GHSA: Addressing the Role of Behavioral Safety in Safe Systems
In December, GHSA released a new report on how behavioral safety fits within the Safe System Approach to traffic safety: “Putting the Pieces Together: Addressing the Role of Behavioral Safety in the Safe System Approach.” The report explores why addressing human behavior actually complements – not conflicts with – a Safe System Approach. GHSA also hosted webinars on this topic on January 18, 2022 and February 10 , 2022.
ITE: Case Studies on Implementing the Safe System Approach in the U.S.
The Safe System Approach aids states and local communities in reducing serious injury and fatal crashes in three areas: major thoroughfares, intersections, and pedestrians. ITE released case studies last summer that outline key elements of the Safe System Approach across the United States, on-the-ground practices, and application of these practices.
The Safe System Approach looks to anticipate human error in designing transportation systems to reduce fatalities and serious roadway injuries. Applications may vary from agency to agency, based on roadway conditions, type, and safety interventions necessary, and they range from separating users in space or time to increasing attentiveness to reducing impact forces.
These case studies were compiled by the Institute of Transportation Engineers (ITE) and funded by the Federal Highway Administration (FHWA), and provide valuable insights to further the goal of zero fatalities on our roadways.
GHSA: An Analysis of Traffic Fatalities by Race and Ethnicity
To better understand how equity relates to traffic crashes, injuries, and fatalities, and to improve equity when addressing highway safety needs, the Governors Highway Safety Association (GHSA) compiled relevant research and data. The result is a report: “An Analysis of Traffic Fatalities by Race and Ethnicity,” which details the overrepresentation of minorities in crashes, including those involving fatalities. Data was analyzed from the five-year period of 2015-2019.
This research is valuable to those who may be looking for how to take action to address equity while they address speeding, impaired driving and other behavioral safety issues that contribute to traffic crashes.
New from the Traffic Safety Culture Pooled Fund
The Traffic Safety Culture Pooled Fund is a partnership between participating states and traffic safety organizations, managed by the Montana Department of Transportation. The Pooled Fund develops tools and services to transform traffic safety culture. It funds projects about methods to change beliefs, and tools to reduce multi-risk driving behaviors.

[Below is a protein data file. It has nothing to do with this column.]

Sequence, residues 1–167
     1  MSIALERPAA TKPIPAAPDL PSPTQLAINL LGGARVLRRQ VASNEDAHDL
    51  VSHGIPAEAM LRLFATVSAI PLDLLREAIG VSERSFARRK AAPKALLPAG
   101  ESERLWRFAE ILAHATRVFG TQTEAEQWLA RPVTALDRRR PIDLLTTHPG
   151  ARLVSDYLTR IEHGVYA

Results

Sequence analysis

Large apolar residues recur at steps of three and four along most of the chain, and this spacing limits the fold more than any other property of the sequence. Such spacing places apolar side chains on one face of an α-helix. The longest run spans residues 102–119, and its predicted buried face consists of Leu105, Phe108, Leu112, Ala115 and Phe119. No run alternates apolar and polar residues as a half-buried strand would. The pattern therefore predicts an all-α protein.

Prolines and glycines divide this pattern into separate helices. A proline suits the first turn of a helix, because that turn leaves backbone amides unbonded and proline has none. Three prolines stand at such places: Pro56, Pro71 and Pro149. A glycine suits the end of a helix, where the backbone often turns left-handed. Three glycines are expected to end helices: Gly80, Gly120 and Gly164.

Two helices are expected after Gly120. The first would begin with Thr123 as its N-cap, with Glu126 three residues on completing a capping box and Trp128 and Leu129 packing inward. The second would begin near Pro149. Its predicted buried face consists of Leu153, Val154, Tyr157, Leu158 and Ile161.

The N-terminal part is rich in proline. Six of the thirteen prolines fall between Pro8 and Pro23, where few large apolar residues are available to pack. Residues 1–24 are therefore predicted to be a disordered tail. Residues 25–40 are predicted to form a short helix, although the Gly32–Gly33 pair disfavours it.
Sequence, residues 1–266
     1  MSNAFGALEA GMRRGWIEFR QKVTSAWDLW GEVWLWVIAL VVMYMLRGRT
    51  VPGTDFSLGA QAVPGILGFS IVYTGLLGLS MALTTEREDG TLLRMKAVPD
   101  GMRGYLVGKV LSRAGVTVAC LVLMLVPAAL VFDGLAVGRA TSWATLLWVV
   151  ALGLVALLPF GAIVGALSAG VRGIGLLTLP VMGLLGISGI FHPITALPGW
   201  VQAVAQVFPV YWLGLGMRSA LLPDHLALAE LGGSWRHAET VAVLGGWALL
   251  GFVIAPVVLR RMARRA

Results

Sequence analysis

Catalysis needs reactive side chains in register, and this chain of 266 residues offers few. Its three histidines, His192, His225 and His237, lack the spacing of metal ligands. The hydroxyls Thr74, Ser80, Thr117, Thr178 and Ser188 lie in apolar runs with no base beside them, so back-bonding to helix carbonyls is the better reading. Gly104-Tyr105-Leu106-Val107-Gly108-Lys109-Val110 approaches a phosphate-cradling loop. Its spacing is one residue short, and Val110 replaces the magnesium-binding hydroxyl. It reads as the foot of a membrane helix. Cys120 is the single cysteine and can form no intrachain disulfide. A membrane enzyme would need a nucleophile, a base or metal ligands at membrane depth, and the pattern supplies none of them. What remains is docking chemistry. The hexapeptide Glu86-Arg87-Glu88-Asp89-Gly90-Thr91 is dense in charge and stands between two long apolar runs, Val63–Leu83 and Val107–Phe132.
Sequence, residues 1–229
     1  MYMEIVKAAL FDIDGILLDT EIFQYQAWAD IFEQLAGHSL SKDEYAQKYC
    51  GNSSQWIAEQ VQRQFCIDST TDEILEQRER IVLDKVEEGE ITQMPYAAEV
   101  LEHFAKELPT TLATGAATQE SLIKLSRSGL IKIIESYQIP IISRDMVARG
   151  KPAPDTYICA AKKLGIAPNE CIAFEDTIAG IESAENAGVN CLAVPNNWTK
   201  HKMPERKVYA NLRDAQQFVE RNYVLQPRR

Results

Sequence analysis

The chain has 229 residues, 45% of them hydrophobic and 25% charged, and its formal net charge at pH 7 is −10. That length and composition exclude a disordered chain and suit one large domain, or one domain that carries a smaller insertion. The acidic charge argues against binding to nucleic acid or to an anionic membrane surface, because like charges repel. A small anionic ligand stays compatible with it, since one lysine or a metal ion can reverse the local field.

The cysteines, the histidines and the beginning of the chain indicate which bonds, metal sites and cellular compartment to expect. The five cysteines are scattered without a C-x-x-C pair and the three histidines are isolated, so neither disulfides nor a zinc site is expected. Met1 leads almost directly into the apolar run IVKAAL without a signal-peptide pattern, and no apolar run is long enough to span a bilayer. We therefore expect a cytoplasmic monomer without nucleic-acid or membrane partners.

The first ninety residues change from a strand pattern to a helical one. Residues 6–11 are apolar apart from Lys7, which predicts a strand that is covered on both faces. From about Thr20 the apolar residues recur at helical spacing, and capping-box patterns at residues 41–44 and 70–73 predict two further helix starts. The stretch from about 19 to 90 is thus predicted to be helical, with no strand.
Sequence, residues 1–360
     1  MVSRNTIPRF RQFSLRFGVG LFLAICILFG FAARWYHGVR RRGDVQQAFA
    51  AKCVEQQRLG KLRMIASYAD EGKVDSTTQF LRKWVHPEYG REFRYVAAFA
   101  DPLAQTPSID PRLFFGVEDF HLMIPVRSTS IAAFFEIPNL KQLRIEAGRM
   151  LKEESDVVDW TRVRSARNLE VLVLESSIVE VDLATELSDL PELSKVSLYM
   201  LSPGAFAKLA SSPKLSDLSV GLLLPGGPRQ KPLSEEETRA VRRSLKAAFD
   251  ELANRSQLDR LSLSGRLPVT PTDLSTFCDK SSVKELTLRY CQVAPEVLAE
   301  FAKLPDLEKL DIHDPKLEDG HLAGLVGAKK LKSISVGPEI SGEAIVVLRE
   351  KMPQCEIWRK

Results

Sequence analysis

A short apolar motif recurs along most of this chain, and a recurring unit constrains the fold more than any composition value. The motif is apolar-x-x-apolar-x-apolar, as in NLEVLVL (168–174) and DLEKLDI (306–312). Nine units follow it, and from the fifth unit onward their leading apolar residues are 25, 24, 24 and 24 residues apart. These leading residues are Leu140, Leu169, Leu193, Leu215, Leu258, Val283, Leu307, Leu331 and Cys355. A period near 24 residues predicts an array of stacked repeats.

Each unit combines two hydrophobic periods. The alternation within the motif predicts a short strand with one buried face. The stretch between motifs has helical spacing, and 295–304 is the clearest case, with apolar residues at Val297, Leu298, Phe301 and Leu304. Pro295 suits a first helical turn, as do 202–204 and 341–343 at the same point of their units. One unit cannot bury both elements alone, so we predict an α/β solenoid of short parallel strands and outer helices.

The Traffic Safety Culture Pooled Fund is part of the FHWA Transportation Pooled Fund Program. FHWA explains:
The Federal Highway Administration (FHWA) administers the Transportation Pooled Fund (TPF) Program as a means for interested States, FHWA, and other organizations to partner when significant or widespread interest is shown in solving transportation–related problems. Partners may pool funds and other resources to solve these problems through research, planning, and technology transfer activities.
To qualify as a pooled fund study, more than one State transportation agency, Federal agency, other municipal or metropolitan agency, college/university, or private company must find the subject important enough to commit funds or other resources to conduct the research, planning, and technology transfer activity. If a subject has been studied previously, the new study should provide new information that will complement or advance previous investigations of the subject matter.
Participating states sign on as partners to the pooled fund study and commit funds to the overall pool of funds. The group identifies priorities for research and the development of resources (see current projects here). By working together, the states are able to stretch their resources further. The Traffic Safety Culture Pooled Fund is in its second phase, but is still accepting partners.
Last fall, the Pooled Fund released two new resources:
- Guidance on Messaging to Avoid Reactance and Address Moral Disengagement which identifies messaging that engages hard-to-reach drivers who rarely wear seat belts and who drive aggressively.
- Guidance to Promote Workplace Policies and Family Rules to Reduce Cell Phone Use While Driving and Promote Engaged Driving which suggests strategies and messages to promote engaged driving within families and workplaces.
Learn more about the Pooled Fund and its current projects.